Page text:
Wednesday, September 5, 2018

Freak Out in a Moonage Daydream

TO BE PLAYED AT MAXIMUM VOLUME
In 1971, David Bowie was an avid admirer of the cast of Andy Warhol's Pork. Enamored with the film and its cast, Bowie couldn't get enough of Warhol's entourage, indeed several crew and cast members ended up at Mainman working as office assistants and Bowie flunkies; it was mutual admiration. There was something extraordinary about the Warhol scene, the exploits of big-city artists and junkies and queens; Ziggy was fascinated. London was a distant, morose place in the early 70s, having lost that glam spark of Mary Quant and The Fool, not to mention the Stones and a sense of identity to America; New York and Warhol were new, exciting and mysterious. Post-industrial London was a symptom of the age and Ziggy Stardust was its cure.

The Rise and Fall of Ziggy Stardust and the Spiders from Mars (AM10) takes the musicianship and experimental bent of Bowie's Hunky Dory to a new level, on which Bowie forges a distinctive sound that prevails despite every new incarnation. Although a concept, Ziggy never seems forced or repetitive; it is but a grand parade of songs which collectively tell a story. The lyrics are deep and emotive, albeit tragic; the musicianship fuzzy and warm or brash and abrasive.


An off-beat drum pattern by Mick Woodmansey fuels the opening song "Five Years." Moody and low key with a definite influence from the Plastic Ono Band, the character of Ziggy Stardust is introduced in dramatic yet elegant fashion with profound lyrics, such as;

"my brain hurt like a warehouse, it had no room to spare/ I had to cram many things to store everything in there…"

"Starman" is classic Bowie hearkening back to the same groove thematically as his first major hit "Space Oddity." An acoustic ballad accentuated by space-age transitional effects, orchestration, and great post-chorus riff by Mick Ronson, the song is that pivotal point in the album's concept where the protagonist morphs from being manipulative to delusional.



The moody piano of "Lady Stardust" starts off side two with a ballad of nearly Taupin/John proportion and structure. There is little to no guitar presence on this tune loosely dedicated to Marc Bolan of T. Rex and the "glam" scene in general. "Hang On to Yourself" comes off like early proto-punk with a definite glam twist. "Suffragette City" reminds the listener that David Bowie is, in fact, a rock star first and foremost, no matter how out there the bulk of his material may drift. The song was originally offered to Mott the Hoople before they chose "All the Young Dudes" for their own project.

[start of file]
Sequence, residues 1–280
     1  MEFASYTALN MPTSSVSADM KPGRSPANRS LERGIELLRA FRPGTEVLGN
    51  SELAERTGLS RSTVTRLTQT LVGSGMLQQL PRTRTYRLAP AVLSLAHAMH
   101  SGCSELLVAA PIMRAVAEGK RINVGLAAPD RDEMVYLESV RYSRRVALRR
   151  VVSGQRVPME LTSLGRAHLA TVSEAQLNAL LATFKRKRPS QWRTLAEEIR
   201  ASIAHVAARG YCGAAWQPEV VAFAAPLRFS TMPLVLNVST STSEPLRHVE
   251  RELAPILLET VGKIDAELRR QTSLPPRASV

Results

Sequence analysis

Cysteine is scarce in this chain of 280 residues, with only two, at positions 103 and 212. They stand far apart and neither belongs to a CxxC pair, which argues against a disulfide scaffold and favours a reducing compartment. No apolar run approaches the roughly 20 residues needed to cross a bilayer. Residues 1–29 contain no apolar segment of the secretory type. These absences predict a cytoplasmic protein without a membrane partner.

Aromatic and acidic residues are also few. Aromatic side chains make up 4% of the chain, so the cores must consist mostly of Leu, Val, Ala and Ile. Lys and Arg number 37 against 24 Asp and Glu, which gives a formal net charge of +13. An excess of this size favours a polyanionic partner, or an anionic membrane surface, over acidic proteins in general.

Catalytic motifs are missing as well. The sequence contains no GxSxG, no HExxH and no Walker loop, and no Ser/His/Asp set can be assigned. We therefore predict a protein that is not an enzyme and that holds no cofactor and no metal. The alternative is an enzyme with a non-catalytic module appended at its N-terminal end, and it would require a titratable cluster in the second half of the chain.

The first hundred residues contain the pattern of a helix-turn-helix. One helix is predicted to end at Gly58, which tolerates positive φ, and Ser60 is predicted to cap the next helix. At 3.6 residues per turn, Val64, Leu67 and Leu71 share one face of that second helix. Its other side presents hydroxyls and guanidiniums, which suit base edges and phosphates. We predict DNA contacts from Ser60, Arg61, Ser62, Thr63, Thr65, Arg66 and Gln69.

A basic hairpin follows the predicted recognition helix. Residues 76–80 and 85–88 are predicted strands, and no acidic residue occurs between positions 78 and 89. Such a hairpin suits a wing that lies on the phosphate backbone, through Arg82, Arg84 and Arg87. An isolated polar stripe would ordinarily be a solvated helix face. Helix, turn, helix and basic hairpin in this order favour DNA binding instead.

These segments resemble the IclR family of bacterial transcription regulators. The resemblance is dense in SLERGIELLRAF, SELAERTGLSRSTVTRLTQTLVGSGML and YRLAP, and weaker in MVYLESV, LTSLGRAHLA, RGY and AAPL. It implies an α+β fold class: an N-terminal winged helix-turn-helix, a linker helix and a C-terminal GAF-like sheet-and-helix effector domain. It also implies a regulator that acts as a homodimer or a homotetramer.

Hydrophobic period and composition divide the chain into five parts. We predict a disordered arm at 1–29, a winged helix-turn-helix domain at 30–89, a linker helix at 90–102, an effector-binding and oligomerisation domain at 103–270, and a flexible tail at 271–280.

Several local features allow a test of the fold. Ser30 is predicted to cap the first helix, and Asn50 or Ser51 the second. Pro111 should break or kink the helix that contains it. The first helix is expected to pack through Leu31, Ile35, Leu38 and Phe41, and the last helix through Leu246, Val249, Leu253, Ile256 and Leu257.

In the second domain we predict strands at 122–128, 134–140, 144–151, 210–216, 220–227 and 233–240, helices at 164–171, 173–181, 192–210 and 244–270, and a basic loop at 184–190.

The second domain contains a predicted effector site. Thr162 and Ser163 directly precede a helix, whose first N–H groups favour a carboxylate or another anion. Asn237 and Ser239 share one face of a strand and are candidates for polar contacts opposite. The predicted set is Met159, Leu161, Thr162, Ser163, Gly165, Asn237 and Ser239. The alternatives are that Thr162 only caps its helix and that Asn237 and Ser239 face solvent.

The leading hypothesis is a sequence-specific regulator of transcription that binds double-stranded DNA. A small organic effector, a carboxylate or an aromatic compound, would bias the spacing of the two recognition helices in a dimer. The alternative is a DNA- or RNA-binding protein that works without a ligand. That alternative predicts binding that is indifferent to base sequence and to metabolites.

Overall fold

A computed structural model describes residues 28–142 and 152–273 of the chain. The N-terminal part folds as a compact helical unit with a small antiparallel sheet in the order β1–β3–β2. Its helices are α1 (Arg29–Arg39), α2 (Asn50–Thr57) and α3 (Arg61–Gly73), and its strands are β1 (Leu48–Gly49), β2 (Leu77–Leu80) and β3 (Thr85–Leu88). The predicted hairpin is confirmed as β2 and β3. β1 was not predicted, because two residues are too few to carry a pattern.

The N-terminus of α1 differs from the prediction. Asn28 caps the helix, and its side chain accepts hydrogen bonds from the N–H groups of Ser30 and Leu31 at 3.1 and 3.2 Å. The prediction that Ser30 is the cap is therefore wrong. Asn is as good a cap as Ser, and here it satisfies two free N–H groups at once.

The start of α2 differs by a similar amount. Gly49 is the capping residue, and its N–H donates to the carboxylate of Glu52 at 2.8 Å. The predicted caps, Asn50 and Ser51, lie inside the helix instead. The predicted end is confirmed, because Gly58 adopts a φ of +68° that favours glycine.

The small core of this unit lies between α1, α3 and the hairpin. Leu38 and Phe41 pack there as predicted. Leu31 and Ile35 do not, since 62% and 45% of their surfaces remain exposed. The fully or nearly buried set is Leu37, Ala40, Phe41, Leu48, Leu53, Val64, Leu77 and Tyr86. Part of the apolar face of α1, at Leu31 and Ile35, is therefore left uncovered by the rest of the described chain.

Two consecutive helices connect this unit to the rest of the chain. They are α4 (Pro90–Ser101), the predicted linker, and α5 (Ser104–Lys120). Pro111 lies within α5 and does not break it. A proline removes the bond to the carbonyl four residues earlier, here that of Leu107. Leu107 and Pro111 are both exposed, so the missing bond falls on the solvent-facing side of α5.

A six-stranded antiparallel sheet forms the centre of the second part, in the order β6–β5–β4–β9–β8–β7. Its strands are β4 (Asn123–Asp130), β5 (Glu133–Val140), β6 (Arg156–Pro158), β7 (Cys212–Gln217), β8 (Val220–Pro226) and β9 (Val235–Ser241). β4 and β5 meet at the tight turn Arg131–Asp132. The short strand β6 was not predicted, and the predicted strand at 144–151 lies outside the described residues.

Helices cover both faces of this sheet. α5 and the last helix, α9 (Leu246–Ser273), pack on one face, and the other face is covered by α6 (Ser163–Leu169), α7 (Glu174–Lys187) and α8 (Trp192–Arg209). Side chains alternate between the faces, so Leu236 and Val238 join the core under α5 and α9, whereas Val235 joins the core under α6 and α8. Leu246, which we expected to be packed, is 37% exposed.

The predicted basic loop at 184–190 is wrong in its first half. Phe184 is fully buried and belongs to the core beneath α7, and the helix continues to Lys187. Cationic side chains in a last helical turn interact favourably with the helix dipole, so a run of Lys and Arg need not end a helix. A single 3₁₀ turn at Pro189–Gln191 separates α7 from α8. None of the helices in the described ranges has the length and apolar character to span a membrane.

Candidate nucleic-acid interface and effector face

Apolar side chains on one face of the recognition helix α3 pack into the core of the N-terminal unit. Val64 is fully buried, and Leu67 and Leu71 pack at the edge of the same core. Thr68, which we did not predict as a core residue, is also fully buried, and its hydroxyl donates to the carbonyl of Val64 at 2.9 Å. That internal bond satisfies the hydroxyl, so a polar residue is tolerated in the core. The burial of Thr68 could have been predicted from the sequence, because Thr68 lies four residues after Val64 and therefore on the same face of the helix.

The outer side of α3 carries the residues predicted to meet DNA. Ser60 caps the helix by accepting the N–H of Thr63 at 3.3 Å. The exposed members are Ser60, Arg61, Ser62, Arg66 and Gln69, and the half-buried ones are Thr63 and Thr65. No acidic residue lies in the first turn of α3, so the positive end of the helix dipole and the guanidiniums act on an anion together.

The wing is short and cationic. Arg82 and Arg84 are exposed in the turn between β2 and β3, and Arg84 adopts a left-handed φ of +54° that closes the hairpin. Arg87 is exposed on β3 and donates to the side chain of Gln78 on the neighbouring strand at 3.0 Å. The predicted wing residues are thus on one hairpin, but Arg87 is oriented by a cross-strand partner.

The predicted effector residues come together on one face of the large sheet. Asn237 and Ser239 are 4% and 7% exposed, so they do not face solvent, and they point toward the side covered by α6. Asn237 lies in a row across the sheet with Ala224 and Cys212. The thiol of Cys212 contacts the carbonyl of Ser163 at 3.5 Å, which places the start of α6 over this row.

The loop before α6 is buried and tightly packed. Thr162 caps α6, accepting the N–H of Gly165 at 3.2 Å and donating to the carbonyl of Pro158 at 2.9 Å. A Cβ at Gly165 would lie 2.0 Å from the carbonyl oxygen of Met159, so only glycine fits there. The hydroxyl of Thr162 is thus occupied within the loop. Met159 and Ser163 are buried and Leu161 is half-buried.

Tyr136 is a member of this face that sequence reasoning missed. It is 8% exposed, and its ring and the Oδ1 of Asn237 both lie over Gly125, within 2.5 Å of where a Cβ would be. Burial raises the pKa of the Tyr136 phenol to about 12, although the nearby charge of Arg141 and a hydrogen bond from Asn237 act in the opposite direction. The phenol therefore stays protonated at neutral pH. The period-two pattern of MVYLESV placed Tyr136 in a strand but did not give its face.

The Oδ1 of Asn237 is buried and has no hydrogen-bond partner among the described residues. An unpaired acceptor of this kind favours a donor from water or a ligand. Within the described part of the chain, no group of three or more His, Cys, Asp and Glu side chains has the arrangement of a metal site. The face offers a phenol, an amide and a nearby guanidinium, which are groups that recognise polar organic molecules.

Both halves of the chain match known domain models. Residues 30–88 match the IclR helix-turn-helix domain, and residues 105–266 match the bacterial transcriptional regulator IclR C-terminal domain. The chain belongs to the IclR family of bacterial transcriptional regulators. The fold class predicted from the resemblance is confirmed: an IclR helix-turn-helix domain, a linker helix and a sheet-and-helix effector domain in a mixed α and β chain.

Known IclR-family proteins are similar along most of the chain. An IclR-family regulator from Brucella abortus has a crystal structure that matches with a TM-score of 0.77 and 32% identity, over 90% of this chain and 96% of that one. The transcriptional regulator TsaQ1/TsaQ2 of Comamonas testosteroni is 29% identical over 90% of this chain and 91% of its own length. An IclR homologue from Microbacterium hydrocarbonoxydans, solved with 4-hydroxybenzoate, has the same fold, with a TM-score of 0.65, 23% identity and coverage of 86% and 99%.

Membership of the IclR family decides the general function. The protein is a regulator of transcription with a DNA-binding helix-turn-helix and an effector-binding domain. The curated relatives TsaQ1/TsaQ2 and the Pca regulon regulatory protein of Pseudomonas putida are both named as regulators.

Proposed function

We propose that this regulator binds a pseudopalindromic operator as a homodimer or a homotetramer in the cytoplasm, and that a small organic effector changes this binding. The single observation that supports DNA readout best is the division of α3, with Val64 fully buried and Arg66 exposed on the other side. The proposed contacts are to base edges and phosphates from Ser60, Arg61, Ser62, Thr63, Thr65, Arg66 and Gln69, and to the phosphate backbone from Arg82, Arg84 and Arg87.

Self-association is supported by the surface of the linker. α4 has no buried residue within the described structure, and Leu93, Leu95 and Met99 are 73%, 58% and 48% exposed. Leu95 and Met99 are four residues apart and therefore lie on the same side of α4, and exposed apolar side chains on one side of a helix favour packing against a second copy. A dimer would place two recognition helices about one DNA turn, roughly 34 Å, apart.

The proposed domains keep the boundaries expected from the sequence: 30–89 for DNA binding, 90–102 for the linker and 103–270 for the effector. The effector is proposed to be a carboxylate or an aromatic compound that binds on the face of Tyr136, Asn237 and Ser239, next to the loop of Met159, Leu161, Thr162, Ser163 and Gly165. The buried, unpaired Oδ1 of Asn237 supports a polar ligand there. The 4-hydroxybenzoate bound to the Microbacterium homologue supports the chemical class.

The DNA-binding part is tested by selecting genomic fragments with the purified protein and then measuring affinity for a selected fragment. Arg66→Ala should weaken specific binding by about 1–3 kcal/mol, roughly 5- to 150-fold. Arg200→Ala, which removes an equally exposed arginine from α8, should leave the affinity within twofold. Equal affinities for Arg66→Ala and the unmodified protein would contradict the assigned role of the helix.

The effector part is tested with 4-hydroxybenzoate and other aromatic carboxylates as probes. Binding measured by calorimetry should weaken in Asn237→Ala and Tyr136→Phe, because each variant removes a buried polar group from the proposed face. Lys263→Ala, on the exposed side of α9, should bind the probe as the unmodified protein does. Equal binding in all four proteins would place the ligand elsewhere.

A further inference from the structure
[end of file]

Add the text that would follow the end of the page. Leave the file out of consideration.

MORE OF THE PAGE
After the frantic, top-notch electric rock of "Suffragette City," the album closes with the calm and acoustic "Rock 'n' Roll Suicide," which documents Ziggy's collapse as a washed-up performer (showing an amazing sense of self-awareness at a time when rock was still relatively young). The song gradually builds through subtle, tremolo electric guitar effects and into full orchestration as a dramatic coda for the album.



Ziggy catapulted Bowie into the big time, and rightly so - it is a fascinating concept executed to an endearingly accomplished standard. Quite simply, The Rise And Fall Of Ziggy Stardust And The Spiders From Mars is one of the most important and essential rock albums ever made. And because it's Bowie of course, it rises above the genre as well and becomes an essential piece of science fiction as well, not of a dystopian society, but of a real world, a dysfunctional London unraveling at its seams.